Once the results of the evaluation are obtained, they must be interpreted. Information about which processes are affected and to what extent will help the professional to make a diagnosis. Once the problem has been identified, it is proposed how their social, work and family life may be affected, as well as what the prognosis of evolution and recovery may be.
Then, a report is prepared that includes the results, the diagnosis and an approach to the intervention, as well as the estimate of the benefit to be achieved. In any case, you must always opt to obtain the maximum benefit. This is the readaptation of the patient, achieving the highest degree of autonomy and quality of life possible.
On the other hand, it is essential that the report contains all the information in a way that is understandable to the patient and family, as well as to other professionals. Even so, this report should be discussed in consultation so that those affected can resolve all their doubts and communicate their concerns and personal objectives.
Once the difficulties are detected and an intervention is scheduled, we proceed to neuropsychological rehabilitation. It consists of applying treatment techniques to improve the behavioral and cognitive dysfunctions that appeared after the damage or alteration.
To do this, a series of needs-based objectives and specific implementation guidelines are established. The main thing in any neuropsychological intervention is the recovery, as far as possible, of the functions that are impaired, through cognitive stimulation.
Within rehabilitation, training and use of strategies that compensate for difficulties are also worked on . Thus, if it is not possible to recover a cognitive function to previous levels, at least it is possible to continue carrying out activities with complementary strategies.
It is also very important to work on the emotions and behaviors related to the alteration and to accompany the adaptation process. Within this work, we must not forget the family members.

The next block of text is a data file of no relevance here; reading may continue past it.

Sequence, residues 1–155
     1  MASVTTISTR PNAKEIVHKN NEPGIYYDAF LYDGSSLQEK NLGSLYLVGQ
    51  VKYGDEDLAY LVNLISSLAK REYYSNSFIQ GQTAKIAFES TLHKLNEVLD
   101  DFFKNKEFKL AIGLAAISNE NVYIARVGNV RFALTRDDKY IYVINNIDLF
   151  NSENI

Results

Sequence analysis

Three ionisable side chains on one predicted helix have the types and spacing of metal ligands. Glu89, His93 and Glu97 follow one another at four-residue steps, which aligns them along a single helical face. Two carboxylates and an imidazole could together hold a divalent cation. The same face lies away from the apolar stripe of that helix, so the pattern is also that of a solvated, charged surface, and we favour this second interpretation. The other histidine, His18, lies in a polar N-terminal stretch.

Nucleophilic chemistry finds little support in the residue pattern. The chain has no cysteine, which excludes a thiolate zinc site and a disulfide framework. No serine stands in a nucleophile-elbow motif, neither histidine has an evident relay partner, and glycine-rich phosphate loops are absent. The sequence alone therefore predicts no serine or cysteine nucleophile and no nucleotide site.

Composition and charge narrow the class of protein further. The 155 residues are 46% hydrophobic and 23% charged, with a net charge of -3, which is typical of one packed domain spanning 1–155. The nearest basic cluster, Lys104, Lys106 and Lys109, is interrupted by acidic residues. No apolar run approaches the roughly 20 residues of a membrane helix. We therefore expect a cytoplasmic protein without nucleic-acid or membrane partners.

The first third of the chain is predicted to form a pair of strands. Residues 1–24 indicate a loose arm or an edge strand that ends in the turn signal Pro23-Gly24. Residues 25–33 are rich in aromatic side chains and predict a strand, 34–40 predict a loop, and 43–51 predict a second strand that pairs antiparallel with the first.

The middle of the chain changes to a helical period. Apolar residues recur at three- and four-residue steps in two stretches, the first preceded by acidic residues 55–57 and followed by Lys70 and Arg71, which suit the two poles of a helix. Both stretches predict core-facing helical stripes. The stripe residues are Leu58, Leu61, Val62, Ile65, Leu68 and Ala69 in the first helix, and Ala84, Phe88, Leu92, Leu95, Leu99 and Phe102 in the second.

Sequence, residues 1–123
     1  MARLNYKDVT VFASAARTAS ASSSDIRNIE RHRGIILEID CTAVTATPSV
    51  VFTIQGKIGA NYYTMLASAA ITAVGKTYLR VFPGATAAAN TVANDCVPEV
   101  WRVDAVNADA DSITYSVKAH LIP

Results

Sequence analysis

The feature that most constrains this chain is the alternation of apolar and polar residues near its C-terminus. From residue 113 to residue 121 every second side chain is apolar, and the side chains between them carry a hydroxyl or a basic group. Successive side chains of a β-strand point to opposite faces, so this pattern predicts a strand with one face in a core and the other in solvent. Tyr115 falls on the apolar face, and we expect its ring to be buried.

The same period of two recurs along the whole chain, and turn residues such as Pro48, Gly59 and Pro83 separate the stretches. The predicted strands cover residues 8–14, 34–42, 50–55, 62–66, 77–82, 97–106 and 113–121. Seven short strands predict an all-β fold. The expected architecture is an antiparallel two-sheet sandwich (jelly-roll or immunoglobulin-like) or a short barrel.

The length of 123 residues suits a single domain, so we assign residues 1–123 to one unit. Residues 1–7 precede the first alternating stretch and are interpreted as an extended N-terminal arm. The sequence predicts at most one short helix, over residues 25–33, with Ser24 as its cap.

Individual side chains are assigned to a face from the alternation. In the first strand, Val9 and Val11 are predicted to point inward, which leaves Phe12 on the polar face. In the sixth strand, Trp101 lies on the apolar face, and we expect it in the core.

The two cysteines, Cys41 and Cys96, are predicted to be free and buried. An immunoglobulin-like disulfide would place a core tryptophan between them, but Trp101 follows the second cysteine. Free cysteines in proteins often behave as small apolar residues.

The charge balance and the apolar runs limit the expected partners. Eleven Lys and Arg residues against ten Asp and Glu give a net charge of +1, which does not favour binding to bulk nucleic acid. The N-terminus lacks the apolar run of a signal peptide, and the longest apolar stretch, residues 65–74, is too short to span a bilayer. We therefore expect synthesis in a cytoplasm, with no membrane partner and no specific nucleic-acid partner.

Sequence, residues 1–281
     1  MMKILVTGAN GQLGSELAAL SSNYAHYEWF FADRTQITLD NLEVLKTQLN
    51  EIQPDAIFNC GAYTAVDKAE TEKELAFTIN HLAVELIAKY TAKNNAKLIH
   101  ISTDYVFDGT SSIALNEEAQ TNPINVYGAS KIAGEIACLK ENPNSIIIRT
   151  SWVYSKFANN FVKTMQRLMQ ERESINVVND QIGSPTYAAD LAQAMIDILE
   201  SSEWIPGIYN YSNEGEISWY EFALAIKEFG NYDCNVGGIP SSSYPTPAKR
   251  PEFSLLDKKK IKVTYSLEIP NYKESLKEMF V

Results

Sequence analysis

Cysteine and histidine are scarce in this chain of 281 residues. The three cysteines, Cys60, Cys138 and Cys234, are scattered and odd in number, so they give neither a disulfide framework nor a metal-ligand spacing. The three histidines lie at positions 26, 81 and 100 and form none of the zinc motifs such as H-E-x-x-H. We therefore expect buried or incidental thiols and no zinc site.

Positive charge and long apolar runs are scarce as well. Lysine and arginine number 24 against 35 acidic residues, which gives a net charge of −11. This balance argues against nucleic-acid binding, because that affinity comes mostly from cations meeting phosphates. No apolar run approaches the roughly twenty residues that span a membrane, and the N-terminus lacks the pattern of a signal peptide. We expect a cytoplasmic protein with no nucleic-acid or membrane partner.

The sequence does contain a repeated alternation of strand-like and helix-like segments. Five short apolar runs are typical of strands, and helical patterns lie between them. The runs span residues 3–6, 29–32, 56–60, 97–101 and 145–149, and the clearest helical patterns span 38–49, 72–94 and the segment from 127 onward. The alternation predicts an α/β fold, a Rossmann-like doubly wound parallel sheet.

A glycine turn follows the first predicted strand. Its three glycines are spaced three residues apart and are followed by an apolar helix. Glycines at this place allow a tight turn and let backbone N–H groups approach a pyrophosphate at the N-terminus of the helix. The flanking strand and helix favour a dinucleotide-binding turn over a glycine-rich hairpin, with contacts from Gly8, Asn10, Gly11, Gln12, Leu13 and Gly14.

The role of caregivers and people around is essential. Therefore, it is necessary to explain what has happened to the patient and what it will mean in his life. Likewise, teaching him coping strategies and ways to participate in his recovery is invaluable.
Specific areas of work
Although the neuropsychologist seems to be dedicated only to the clinic, brain damage or dysfunction can have very diverse origins and affect completely different populations. That is why neuropsychology includes many areas to which it is applied.
Currently, those that have a considerable weight are child neuropsychology, geriatric neuropsychology or dementias, addictions, cross-cultural neuropsychology, legal-forensic, labor or education, among others.
By way of conclusion, regardless of the area, it is essential that the neuropsychologist seeks above all to improve the patient’s quality of life, as well as being able to work with other professionals (neurologists, nurses, occupational therapists, etc.) to achieve that goal together.
Acquired brain damage: from the point of view of neuropsychology
The consequences of acquired brain damage include alterations in cognitive, emotional and behavioral functioning. Neuropsychology provides techniques that allow treating such disorders.